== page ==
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Breastfeeding: A No-Cost Investment with Recurring Health Benefits
August 11, 2020

Dr. M. Balasubramanyam, Dean of Research Studies & Senior Scientist at the Madras Diabetes Research Foundation (MDRF), Chennai, India.

How many of us know we observe World Breastfeeding Week(WBW) during August 1st to 7th, every year? World Breastfeeding Week is coordinated by the World Alliance for Breastfeeding Action(WABA), a global network of individuals and organizations concerned with the protection, promotion and support of breastfeeding worldwide.Last week (1-7 August), WABA and breastfeeding advocates in over 175 countries worldwide celebrated the WBW theme of this year: ‘Support Breastfeeding: For a Healthier Planet’.

Despite all this awareness, it is unfortunate that what we see in reality is disheartening efforts and trends of breastfeeding.Over centuries, human milk is evolutionary shaped to nourish the newborn and is regarded as the nutritional gold standard for term infants. Breast-feeding has declined worldwide in recent years, as a result of urbanization, marketing of infant milk formulae and maternal employment outside the home.Studies in India have also shown a decline in breast-feeding trends. As per the international guideline sand the Indian Academy of Pediatrics Policy on Infant feeding, ‘an ideal infant feeding comprises exclusive breastfeeding for 6 months followed by sequential addition of semi-solid and solid foods to complement (not replace) breast milk till the child is gradually able to eat normal family food (around one year).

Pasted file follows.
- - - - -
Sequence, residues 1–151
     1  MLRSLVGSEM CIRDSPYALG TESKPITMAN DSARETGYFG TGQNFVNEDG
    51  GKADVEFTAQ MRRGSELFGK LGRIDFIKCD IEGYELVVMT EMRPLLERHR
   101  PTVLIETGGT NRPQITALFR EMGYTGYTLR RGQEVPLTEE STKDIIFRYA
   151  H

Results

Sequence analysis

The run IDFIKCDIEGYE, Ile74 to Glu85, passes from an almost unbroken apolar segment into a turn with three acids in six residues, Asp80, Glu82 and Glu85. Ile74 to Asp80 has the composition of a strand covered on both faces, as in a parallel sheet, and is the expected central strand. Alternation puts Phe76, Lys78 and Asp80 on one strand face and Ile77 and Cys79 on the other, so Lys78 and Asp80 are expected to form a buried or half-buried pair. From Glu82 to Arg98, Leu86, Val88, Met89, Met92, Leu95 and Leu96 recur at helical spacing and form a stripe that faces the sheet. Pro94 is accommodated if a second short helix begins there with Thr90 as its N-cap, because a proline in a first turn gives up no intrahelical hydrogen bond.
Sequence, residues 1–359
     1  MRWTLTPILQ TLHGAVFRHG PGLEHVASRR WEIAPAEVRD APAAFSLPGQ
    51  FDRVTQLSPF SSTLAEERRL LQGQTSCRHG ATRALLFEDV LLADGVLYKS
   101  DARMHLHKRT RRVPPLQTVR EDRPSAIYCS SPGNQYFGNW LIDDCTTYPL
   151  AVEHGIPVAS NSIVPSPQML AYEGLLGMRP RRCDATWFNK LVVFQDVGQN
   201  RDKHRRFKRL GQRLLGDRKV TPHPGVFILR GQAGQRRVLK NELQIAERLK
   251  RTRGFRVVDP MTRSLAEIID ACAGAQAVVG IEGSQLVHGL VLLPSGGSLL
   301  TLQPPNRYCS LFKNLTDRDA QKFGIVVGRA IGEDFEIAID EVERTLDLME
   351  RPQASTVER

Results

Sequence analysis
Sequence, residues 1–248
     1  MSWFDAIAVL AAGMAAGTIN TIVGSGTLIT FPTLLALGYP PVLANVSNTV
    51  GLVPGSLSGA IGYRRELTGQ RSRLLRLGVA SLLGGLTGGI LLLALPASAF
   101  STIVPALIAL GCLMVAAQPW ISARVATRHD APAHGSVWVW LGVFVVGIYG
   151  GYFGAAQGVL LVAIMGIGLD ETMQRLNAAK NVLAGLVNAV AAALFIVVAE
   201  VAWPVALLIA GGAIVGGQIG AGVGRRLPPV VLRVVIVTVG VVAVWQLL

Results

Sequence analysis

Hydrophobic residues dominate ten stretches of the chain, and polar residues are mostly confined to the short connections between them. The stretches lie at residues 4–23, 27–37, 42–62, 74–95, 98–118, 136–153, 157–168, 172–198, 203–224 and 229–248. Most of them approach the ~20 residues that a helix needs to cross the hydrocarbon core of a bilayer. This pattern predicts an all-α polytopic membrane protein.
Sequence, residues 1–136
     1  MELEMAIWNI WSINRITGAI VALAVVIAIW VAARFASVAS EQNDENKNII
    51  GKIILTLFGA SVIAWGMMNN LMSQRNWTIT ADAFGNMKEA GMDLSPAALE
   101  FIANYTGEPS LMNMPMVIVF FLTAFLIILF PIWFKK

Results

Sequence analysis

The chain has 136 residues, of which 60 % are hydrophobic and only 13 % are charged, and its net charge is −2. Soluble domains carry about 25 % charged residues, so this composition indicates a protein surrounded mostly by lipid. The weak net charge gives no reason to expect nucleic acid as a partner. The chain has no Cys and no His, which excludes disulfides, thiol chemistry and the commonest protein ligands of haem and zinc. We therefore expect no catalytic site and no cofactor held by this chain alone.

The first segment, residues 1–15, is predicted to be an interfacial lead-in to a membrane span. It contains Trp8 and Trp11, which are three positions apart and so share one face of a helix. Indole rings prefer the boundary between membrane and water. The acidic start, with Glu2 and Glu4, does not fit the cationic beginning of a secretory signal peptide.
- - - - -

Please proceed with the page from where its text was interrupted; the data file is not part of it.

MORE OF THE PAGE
One more reason for breastfeeding – prevention of diabetes!

It is well conceived that the most important short-term immunological benefit of breastfeeding is protection against infectious diseases. In the last few years, several systematic reviews and meta-analyses have examined the effect of breastfeeding on noncommunicable diseases. There seems to be a definite protective effect of breastfeeding against later overweight and obesity.Recent studies also emphasize that breastfeeding may provide a degree of long-term protection against the development of type-2 diabetes, which could be of public health importance. Longer duration of breastfeeding was shown associated with reduced incidence of type-2 diabetes mellitus in several cohort studies worldwide among different ethnic populations.More research and additional evidence are needed to establish definitively whether breastfeeding protects against diabetes, the extent of protection, and the duration of breastfeeding required. Given other well-established reasons for breastfeeding, renewed efforts to encourage this in populations at high risk for insulin resistance and type-2 diabetes, such as Asian Indians, may have tremendous health benefits.

Breastfeeding is beneficial to both Mother and the Offspring!